Cancer sniffing dog

Dogs will sniff out stomach cancer in new Japanese trial

Cancer sniffing dog

Credit: Central Bark.

It’s remarkable — almost unbelievable — but one of the most accurate cancer diagnosing tool is man’s best friend. Studies have time and time again shown this to be true. One 2011 study found dogs can identify breast and lung cancer with a 95% accuracy compared to a biopsy. UK doctors working at the Milton Keynes hospital found canines are 93% effective at sniffing prostate cancer. Now, a new clinical trial will begin shortly in Japan to gauge how accurate dogs can sniff stomach cancer.

The cutest bio-detector

Some 6,000 Japanese individuals living in the Yamagata Prefecture will have their urine analyzed at a lab belonging to the Nippon Medical School, just outside of Tokyo. Trained dogs will then be tasked with identifying the cancerous samples.

It’s thought dogs achieve this feat by being able to discern odors released by cancerous cells which are oblivious to us humans. They are able to pick up a scent in a dilution of one to a thousand parts.

Given that so many studies have proven dogs’ propensity for sniffing cancer, why don’t we actually see them everywhere in a hospital, especially in those wards where cancer is diagnosed? Dogs have a sensitive smell but so do humans and like us, dogs need training too. Training a dog to accurately identify cancer odors can take years and somewhere around $45,000 per canine, according to Cynthia Otto, Director of the Penn Vet Working Dog Center at the University of Pennsylvania’s School of Veterinary Medicine. Otto says she’s often contacted by people from third world countries who’ve read various papers about cancer-sniffing dogs and got excited, not realizing how intense and expensive the training can be.

Another important caveat is that, again like humans, a dog’s sensitivity is susceptible to mood, diet, and even the owner’s behavior. A professional dog sniffer will also likely suffer if it doesn’t get to sniff cancer all day long.

“These dogs need the reward of finding people or they can get depressed. During the 9/11 search and rescue effort, emergency responders had to stage fake body finds so that the dogs could be rewarded. Cancer screening dogs need the same thing to avoid stress,” Sara Chodosh explained for Popular Science.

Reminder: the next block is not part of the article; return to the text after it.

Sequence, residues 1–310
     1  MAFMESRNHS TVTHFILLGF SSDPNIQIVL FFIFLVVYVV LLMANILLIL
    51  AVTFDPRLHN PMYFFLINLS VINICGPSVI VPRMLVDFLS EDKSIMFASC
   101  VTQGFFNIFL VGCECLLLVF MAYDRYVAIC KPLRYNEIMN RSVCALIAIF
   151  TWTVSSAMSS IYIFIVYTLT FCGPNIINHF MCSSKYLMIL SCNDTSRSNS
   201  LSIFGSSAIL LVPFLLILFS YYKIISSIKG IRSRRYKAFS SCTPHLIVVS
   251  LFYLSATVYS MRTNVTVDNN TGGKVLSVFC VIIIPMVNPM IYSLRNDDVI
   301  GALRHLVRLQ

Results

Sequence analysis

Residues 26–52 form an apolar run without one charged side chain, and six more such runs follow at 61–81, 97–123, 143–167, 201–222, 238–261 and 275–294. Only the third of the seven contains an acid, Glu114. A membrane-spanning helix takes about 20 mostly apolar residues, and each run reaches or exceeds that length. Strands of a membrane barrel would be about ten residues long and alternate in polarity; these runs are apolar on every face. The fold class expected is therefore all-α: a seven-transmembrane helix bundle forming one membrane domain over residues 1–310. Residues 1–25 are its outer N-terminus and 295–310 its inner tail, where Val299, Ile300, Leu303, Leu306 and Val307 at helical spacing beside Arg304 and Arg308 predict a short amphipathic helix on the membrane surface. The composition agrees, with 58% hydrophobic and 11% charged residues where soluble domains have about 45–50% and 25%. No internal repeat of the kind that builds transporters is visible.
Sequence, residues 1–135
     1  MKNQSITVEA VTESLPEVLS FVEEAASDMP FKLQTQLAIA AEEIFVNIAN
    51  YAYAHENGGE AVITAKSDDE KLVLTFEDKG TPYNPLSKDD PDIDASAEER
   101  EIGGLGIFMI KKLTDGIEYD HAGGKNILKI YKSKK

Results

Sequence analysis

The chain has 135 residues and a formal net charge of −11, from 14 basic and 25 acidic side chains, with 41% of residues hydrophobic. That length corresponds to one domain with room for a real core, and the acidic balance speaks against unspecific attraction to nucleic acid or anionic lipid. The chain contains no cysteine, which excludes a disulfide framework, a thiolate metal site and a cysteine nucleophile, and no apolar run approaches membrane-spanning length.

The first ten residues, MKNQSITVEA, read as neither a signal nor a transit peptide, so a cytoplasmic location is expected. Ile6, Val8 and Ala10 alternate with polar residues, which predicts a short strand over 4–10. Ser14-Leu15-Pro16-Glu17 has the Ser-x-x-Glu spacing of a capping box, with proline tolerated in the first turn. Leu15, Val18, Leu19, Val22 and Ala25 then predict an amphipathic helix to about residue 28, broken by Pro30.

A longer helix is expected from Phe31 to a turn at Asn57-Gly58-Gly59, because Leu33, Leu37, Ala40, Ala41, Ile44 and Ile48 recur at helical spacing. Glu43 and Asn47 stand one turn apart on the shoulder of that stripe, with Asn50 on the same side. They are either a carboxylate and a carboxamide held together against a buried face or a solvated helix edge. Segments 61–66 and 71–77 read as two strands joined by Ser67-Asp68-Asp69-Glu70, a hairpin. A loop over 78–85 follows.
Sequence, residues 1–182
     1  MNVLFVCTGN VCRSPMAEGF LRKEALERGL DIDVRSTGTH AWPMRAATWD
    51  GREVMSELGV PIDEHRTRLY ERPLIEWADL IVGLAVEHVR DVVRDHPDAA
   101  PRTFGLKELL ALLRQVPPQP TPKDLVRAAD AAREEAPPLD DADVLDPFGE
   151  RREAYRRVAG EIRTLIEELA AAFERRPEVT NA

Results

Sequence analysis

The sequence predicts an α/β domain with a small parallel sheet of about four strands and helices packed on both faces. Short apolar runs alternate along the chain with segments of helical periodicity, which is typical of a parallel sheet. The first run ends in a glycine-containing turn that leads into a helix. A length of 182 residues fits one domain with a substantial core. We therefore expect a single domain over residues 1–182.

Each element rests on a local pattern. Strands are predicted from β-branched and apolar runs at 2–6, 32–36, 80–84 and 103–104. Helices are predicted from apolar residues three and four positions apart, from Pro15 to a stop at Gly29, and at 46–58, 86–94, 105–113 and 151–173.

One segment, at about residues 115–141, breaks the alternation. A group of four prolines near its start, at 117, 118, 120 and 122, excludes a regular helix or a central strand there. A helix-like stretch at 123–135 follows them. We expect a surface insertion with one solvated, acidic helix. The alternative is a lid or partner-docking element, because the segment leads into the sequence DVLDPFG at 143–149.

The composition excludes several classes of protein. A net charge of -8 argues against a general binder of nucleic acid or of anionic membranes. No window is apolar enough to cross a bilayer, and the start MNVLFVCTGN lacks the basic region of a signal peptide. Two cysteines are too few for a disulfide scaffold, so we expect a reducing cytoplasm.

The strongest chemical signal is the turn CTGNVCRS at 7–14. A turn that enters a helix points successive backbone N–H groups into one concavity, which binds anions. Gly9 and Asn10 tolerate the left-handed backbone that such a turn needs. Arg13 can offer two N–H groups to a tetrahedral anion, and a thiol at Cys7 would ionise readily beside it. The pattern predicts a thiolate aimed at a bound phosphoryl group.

Nevertheless, given their staggering accuracy, there is value in training dogs to identify various forms of cancer even though they will never be used on a wide scale. Ultimately, everyone hopes that all of these clinical trials such as the upcoming one in Japan will single out the compounds the dogs are able to detect. Then, it’s only a matter of developing a device, perhaps fitted with a miniature spectrometer, that can mimic the canine’s cancer-sniffing ability.

“One of the largest misunderstandings we face is that people think we are trying to say that dogs are better than machines – we’re not,” said Claire Guest, a specialist in human and animal behaviour and the doctor responsible for the British research into cancer sniffer-dogs.

“There are already machines which act as ‘electronic noses’ that are designed to identify chemicals such as cocaine, and this is what we are trying to do with cancer.

“Of course, no dog is going to be 100 percent – but at the moment there is no machine out there that can do what the dogs are doing. Cancer detection is extr

Since 2013, a team from the University of Liverpool and the University of the West of England (UWE) in Bristol have developed a device “Odoreader” that can accurately detect bladder cancer by detecting specific volatile molecules found in the odor of urine, akin to an artificial dog’s nose. As more data is gathered, these devices will become more and more accurate. The dogs can then take a much-deserved break.

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